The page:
The last meetings of the Federal Reserve and the Bank of England have fuelled sharp moves in the major currencies. The euro has extended its year highs against the dollar (it’s over 1,08 against the greenback) and on Thursday it appreciated over 1.3% against the pound (the exchange rate is at 0,86). Is near a new “currency war”?
Articles by Francisco López
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The Spanish economy grew at a rate of 3.2% in 2016, although signs of a slowdown are beginning to appear. Almost all the external factors which had boosted GDP growth latterly (the so-called tail winds) may disappear over this year.
The prolonged period of low interest rates in which we find ourselves has caused a complete shift in the mortgage market. Last year, coinciding with the key reference 12-month Euribor’s entry into negative territory, fixed rate mortgage loans represented over half the new loans contracted (53.3%), according to figures released by the Spanish Mortgage Association.
The 12-month Euribor, which is the reference used for the majority of variable rate mortgages in Spain, has been in an uninterrupted downwards trend since 2012 and is about to complete one year in negative territory. Analysts consensus is that the Euribor has already touched bottom, and that it will begin to rise gradually from the second quarter.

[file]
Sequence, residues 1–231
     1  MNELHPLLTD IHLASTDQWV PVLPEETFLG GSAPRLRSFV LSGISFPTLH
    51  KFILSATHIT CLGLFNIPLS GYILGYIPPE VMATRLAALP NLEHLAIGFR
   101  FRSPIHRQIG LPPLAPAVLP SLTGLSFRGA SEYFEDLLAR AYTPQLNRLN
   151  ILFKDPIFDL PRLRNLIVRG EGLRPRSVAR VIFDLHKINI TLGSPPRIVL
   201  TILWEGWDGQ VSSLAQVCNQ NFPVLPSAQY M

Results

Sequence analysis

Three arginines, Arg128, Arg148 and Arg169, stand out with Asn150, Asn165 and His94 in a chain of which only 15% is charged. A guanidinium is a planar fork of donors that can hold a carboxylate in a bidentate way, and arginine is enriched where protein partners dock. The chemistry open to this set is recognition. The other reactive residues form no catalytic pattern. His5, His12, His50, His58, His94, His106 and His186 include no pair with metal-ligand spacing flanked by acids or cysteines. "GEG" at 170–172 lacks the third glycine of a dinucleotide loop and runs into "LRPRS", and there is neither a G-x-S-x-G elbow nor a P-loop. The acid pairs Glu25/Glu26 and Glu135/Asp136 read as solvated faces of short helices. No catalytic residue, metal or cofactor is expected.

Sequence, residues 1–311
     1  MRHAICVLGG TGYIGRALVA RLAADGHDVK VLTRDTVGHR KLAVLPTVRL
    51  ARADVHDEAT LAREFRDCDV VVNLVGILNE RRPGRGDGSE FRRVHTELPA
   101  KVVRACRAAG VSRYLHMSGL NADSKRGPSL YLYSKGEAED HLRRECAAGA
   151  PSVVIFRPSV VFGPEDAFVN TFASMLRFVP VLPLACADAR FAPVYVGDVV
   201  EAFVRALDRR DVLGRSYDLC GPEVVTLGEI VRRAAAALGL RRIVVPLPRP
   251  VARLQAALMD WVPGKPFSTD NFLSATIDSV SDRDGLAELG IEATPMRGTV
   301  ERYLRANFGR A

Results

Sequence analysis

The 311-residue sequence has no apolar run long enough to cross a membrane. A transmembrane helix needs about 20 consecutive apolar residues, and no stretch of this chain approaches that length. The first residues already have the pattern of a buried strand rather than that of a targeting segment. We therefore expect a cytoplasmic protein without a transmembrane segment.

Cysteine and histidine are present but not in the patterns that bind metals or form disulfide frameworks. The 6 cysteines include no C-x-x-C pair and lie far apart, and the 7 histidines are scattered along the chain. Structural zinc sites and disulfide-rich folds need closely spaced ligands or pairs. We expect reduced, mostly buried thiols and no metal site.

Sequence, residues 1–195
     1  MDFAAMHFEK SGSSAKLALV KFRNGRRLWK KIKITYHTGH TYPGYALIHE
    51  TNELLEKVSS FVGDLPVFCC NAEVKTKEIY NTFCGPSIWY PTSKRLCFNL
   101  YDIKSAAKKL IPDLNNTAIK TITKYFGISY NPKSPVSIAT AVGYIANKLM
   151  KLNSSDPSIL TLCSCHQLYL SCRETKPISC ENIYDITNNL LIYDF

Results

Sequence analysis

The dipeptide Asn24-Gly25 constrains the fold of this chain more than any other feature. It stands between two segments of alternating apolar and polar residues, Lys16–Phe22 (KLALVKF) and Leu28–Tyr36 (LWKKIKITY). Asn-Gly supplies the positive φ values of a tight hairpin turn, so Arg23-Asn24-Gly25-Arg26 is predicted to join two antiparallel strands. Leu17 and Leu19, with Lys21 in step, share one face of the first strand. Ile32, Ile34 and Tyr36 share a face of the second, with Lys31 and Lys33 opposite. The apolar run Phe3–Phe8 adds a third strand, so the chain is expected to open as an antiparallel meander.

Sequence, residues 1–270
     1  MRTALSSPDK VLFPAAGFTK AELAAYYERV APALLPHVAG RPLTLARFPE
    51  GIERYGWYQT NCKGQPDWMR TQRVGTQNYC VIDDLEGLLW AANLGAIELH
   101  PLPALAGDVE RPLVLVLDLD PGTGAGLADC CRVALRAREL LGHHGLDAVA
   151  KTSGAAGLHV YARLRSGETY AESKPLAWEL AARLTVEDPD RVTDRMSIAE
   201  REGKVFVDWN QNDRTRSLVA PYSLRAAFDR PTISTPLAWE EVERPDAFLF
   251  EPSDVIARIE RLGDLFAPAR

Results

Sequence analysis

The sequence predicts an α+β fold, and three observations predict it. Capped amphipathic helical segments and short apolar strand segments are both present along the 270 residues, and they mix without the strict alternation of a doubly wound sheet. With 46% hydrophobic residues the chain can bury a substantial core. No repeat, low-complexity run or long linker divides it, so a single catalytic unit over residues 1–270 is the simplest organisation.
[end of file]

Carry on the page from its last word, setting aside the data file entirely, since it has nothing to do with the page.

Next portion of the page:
The Spanish banking sector’s stock market rally has been suddenly cut short. The listed banks’ index had risen over 45% since the minimum levels of June 2016 until the first week of January. But since then, it is seeing a correction. Two matters of concern for investors are the impact of the floor clauses ruling on the banks profit and loss account, as well as the problems of the Italian banks.
Every national and international economic organisation and the most trustworthy research houses agree in predicting a deceleration in the Spanish economy in 2017, due mainly to the slowdown in private consumption.
The German authorities have come out en masse to criticise the public bailout the Italian government is planning for Monte dei Paschi. For many observers, this decision implies “direct public aid” which goes against the European directive on banking solutions and restructurings.
Just minutes after the the EU ruling on ‘floor clauses’ was released, the banks in Spain’s blue-chip Ibex 35 index ended up dropping over 10%. But most of the lenders recovered ground by the end of the session. Afi estimates the ruling will affect the banking sector as a whole to the tune of some 4.5 billion euros.
Analysts are predicting a positive 2017 for European equities, not least because they are currently undervalued compared with US stocks. But there are risks on the horizon due to political instability (elections in France, Germany and Holland, plus the effects of Trump and Brexit), and uncertainty over the timing of the Fed’s rate hikes.